BERLIN: Germany's central and regional governments were at odds on Monday (May 25) over when and how far to ease contact distancing rules, with allies of Chancellor Angela Merkel warning that scrapping them risks unleashing a new wave of coronavirus infections.
The row erupted after Bodo Ramelow, premier of the eastern state of Thuringia, said on Saturday he would scrap rules on mask-wearing and distancing, relying instead on local measures. The states set most rules affecting day-to-day life in Germany.
Though his proposal echoes federal government policy, which envisages gradually reopening the economy while responding fast to outbreaks with local lockdowns and contact-tracing, officials fear muddying the message could undermine public discipline.
"Under no circumstances should the impression be given that the pandemic is over," Health Minister Jens Spahn told Bild newspaper, saying a clear message on social distancing, hygiene and mask-wearing would make it harder for the virus to spread.
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Numbers of new virus infections have fallen sharply over the past month. Shops, bars, restaurants, museums and churches have reopened, though many Germans continue to work from home and public transport is still less busy than usual.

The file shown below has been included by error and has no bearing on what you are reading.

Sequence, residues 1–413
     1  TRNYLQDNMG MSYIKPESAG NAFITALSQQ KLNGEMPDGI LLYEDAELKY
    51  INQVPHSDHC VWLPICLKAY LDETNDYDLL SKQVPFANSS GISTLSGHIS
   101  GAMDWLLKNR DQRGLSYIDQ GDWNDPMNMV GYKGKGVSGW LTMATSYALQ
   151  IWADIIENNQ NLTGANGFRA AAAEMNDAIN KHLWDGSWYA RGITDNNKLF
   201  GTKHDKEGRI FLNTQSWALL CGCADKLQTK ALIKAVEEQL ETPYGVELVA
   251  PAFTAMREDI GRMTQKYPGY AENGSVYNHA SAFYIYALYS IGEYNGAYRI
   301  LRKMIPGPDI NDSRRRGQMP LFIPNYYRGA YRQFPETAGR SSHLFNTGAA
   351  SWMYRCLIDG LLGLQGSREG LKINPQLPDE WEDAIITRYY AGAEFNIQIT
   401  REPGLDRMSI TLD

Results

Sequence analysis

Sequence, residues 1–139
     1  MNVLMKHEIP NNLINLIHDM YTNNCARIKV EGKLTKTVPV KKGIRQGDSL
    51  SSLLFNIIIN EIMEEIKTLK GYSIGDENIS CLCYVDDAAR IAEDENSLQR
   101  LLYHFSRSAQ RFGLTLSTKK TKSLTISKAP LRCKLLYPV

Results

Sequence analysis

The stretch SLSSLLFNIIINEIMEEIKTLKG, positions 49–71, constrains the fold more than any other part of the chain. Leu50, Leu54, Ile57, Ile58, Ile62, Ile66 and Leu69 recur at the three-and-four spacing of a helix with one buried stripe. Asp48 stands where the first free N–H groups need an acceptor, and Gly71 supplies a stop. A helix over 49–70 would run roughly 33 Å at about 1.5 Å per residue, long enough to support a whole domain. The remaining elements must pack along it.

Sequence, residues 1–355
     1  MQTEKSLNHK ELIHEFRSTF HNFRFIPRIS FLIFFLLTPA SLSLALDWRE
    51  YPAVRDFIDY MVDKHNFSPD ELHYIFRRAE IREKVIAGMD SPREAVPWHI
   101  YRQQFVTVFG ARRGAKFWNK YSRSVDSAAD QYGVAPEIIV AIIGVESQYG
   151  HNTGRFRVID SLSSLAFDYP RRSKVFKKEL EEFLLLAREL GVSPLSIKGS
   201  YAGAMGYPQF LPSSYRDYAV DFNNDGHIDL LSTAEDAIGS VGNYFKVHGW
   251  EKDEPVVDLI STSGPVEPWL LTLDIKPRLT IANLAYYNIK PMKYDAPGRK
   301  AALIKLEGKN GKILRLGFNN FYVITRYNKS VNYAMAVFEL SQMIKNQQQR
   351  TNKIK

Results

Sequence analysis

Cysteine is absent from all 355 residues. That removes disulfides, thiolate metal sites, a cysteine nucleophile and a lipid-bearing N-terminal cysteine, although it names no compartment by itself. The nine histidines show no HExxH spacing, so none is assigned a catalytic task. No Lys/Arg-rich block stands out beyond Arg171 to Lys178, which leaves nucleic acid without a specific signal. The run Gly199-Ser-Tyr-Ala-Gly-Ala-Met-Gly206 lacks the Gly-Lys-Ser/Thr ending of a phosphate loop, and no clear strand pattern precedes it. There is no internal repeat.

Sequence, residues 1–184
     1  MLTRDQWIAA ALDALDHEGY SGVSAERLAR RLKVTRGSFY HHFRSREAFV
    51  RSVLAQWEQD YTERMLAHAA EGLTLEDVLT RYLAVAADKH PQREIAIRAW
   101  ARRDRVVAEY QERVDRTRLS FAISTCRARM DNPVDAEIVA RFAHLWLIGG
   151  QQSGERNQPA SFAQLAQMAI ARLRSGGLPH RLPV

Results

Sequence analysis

Germany has also seen protests calling for a more rapid lifting of coronavirus lockdown restrictions.
State-owned railway operator Deutsche Bahn said on Monday it would start increasing long-distance travel again, alerting passengers when their train was more than half full and letting them rebook onto a lower occupancy service.
A draft document by Helge Braun, head of Merkel's office, recommends that from Jun 6, private gatherings of up to 20 people could be held, wherever possible in the open air. Gatherings are currently limited to two households.
But authorities know they have to tread a fine line between reopening society and keeping Germans safe. In the central state of Hesse, a single church service on May 10 caused at least 107 new cases, they said.